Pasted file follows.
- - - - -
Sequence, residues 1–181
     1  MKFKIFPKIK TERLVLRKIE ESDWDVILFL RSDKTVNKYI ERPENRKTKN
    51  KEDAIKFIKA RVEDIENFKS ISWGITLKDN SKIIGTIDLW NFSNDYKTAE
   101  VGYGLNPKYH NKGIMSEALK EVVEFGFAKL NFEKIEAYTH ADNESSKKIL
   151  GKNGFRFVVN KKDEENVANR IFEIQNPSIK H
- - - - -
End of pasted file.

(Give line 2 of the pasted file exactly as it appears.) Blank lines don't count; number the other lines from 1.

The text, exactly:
     1  MKFKIFPKIK TERLVLRKIE ESDWDVILFL RSDKTVNKYI ERPENRKTKN